Profession of Br Isaac Mary
Dear Brother Isaac,
Exactly two years ago, you were just starting your first retreat, with a view to discerning a possible monastic vocation. During that retreat, you were enthralled by the contemplation of the life of Our Lord Jesus Christ, and moved with the desire to imitate Him. In the contemplation of the Nativity, you were drawn to the fact that Christ wanted to be born in extreme poverty and that after suffering hunger, thirst, heat and cold, He would be rejected by His own people and died an ignominious death on the cross. In doing this, He would open a new path for those who are taken with His love and seek to follow Him, a path that the world does not understand and for which reason it can sometimes come to the point of persecuting those who believe in Jesus.
The feast that we celebrate today brings to our minds the first fruits of the coming of our Lord. The small crowd of infant boys who were atrociously murdered by a power-thirsty king in his futile effort to stamp out the newborn Messiah, reminds us that if the King of Heaven means business when He enters the scene and takes suffering upon Himself, so does the Prince of Darkness in his vile persecution of these who serve Christ. And all this reminds us of the seriousness of life and our eternal destiny. One day, the Incarnate God will summarise it in those immortal words: He who is not with me is against me; he who does not gather together with me scatters (Mt 12:30). And so it is today. The Person of Jesus Christ, as always, is the dividing point; it is the real issue, the only issue really. For if God exists and has taken our flesh to save us and lead us home to Heaven, than nothing else matters. Nothing else at all.
This is a truth that you have received the grace to see and understand. It is one that has blossomed in the desire to dedicate your life to Him. In this profession of first vows, the Church requires that you commit for a period of three years, to test further your resolve and suitability. But in your heart, your commitment is not meant to be only for a time.
The Holy Innocents also bring to our minds your patron saint, the patriarch Isaac. He was a boy when Abraham his father, in obedience to God, made ready to offer him up in sacrifice. Isaac accepted to be that holocaust, and was only spared at the last minute because God rewarded the faith and obedience of his father. But those boys of Bethlehem were not spared. The blood flowed from their tender bodies as they were ripped from their mothers’ breasts and pierced with swords – those poor mothers! By their silent holocaust they speak more to us than volumes of discourses. That crowd of innocents is the supreme homage to the Son of God who came to offer His life as a sacrifice. For the One Boy who escaped the massacre, would indeed be offered up in sacrifice too, after He had preached the Gospel of the Kingdom and founded His Church.
But there is another aspect to this feast, Brother, that you will do well to reflect upon. The hymn that we sing on this day tells us that the Holy Innocents play before the throne of God with their palms and their crowns. The palm of martyrdom which is their glory, the crown they wear as a sign that they are henceforth princes in His kingdom, these virginal souls play with them before the throne, as children play before their parents, in utter confidence, in blissful and careless freedom. In this they are the model of monks whose joy it is to play before the throne each day and night, singing songs of praise to the eternal conqueror of death. Ludens coram eo omni tempore.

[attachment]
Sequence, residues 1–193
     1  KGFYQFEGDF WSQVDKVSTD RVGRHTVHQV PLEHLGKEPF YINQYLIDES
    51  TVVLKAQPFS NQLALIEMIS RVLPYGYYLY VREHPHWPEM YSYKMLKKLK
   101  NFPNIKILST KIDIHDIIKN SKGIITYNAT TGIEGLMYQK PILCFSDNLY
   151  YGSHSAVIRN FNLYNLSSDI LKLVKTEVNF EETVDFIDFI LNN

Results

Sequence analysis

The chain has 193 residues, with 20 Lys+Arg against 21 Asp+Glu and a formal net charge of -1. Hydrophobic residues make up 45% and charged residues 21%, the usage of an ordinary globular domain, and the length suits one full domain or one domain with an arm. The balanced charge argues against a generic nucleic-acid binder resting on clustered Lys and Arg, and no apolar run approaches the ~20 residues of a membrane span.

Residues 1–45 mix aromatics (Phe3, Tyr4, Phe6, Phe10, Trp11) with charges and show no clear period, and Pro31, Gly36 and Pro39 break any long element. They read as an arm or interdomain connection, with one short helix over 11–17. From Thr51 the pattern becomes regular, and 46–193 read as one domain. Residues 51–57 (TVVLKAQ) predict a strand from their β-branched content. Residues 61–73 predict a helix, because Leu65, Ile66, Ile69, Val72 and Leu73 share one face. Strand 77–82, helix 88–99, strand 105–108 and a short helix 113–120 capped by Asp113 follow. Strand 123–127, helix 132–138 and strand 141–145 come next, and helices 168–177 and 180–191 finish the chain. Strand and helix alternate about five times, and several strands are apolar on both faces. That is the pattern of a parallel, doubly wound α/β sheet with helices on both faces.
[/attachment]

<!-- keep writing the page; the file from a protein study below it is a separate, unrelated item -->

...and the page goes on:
So we can say that in a way the feast summarises the fundamental aspects of the monastic life: its austerity and seriousness: life is short and upon it depends our eternal destiny; but also a certain light-heartedness which people often notice in the monks: a joy, a smile, that betrays a man who, while working hard, knows that he has nothing better to do than spend his days playing under the loving gaze of His Father in Heaven. May the Holy Innocents always keep in your soul a like simplicity in all things, and a smiling and joyful demeanour. For if the world is just as cruel today as it was then – and if today’s loss of respect for unborn life gives us extra cause to intercede with the Holy Innocents for the safety of those in danger of abortion –, the true servants of God have just as much reason to sing and to shout and to jump for joy and play before their Lord and His most holy Mother. What a lesson is given to us in this feast! Even the evil designs of God’s enemies turn to the glorification of His elect.
Allow yourself on this day, Brother Isaac, to revel in the certain knowledge that you are loved, as God already told us in the Old Testament: Fear not, for I have redeemed you; I have called you by name: you are mine. When you pass through the water, I will be with you; in the rivers you shall not drown. When you walk through fire, you shall not be burned; the flames shall not consume you. For I am the LORD, your God, the Holy One of Israel, your saviour. … You are precious in my eyes and glorious, and because I love you, I give men in return for you and peoples in exchange for your life (Is 43:1-4). No, dear Brother, we are not stray electrons in the cosmos. We are loved more than we can imagine, for God so loved the world that He gave His only Son, so that everyone who believes in Him might not perish but might have eternal life (Jn 3:16).